In 1973 she released another English-language album titled Power. The album contained the singles “Save The Last Dance For Me”, a cover of a number one hit for The Drifters in 1960. The following year she released a cover of the Carol Douglas disco hit “Doctor’s Orders”. The single was a minor hit in a few Canadian record markets. But Patsy Gallant had yet to score a breakout hit on English-language radio. In 1975 she won a Juno Award for Female Vocalist of the year.
Things changed for her in 1976 when she released Are You Ready For Love. The album won Paul Page a Juno Award for Recording Engineer of the Year in 1977. The album also was nominated for Producer of the Year, along with Ian Robertson as producer getting the nomination. And she won the 1977 Juno Award for Female Vocalist of the Year. The debut single from the album was “From New York To L.A.”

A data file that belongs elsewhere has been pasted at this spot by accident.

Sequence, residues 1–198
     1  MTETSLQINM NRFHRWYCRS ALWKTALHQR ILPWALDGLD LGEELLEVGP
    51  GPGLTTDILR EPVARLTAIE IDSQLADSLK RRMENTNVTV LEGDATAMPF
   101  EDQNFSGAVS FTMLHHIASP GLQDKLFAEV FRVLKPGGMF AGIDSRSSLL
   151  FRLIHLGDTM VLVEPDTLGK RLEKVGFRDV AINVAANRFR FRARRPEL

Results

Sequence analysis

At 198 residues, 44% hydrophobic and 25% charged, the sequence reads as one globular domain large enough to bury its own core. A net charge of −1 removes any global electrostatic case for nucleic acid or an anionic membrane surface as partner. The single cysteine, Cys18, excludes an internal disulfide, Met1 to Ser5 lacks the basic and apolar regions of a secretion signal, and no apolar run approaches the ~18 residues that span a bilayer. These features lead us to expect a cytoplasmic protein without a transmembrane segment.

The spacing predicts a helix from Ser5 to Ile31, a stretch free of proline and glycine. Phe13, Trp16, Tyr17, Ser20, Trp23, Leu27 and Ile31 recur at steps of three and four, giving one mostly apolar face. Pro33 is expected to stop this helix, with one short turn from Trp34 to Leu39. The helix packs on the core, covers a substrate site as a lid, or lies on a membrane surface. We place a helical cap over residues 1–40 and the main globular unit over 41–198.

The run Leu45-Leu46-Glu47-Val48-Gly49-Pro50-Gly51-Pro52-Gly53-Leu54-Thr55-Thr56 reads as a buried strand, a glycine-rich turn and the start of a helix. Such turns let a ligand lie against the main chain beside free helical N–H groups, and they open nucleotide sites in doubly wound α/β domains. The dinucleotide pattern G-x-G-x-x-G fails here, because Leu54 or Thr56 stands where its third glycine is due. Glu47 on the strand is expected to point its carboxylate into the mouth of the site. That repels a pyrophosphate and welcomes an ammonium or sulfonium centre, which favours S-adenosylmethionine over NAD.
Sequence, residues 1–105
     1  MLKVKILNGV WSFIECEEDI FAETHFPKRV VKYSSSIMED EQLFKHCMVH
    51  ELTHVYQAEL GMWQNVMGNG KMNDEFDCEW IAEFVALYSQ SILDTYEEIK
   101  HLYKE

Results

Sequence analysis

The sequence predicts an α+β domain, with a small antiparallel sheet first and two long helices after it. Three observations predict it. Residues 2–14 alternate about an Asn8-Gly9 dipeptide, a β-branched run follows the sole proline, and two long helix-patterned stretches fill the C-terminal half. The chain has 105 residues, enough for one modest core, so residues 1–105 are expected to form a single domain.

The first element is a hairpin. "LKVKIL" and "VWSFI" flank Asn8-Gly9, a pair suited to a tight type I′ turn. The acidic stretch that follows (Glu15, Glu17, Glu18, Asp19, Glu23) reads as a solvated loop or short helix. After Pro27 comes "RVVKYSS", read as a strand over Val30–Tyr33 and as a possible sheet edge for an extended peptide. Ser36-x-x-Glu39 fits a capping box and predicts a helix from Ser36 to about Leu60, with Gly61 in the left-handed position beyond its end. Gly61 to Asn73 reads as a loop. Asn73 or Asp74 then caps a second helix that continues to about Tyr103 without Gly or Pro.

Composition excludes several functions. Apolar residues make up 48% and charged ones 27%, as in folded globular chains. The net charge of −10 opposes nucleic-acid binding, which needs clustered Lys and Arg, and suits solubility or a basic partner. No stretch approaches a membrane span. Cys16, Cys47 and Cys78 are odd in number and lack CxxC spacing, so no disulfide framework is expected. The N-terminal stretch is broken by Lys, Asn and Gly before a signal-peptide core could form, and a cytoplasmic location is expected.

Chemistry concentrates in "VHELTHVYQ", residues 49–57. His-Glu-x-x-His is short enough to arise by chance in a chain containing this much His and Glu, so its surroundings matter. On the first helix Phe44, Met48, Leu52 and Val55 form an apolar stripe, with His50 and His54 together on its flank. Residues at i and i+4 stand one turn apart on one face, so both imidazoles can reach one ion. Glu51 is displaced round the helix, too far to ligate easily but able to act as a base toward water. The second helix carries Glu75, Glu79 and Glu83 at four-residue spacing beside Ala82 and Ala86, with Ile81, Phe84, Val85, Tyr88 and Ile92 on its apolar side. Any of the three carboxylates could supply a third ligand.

Her followup single was the title track, “Are You Ready For Love”. Next, Pasty Gallant went on to have her biggest charting success with the disco-infused “Sugar Daddy”.
“Sugar Daddy” was written by Carlyle Miller, a singer, songwriter, brass player and producer from Québec. A member of the Ville Emard Blues Band, He wrote, arranged and was a session musician for songs recorded by a number of Quebec-based recording artists. In addition to Patsy Gallant, this included Beau Dommage, Diane Dufresne, Toulouse, Gino Soccio (“Dancer” and “The Visitors”), Kate & Anna McGarrigle, and Witch Queen (“Bang A Gong”). Miller was also part of Stardust, a fictional band in Canadian TV show from Québec, Épopée Rock, that ran from 1984 to 1990.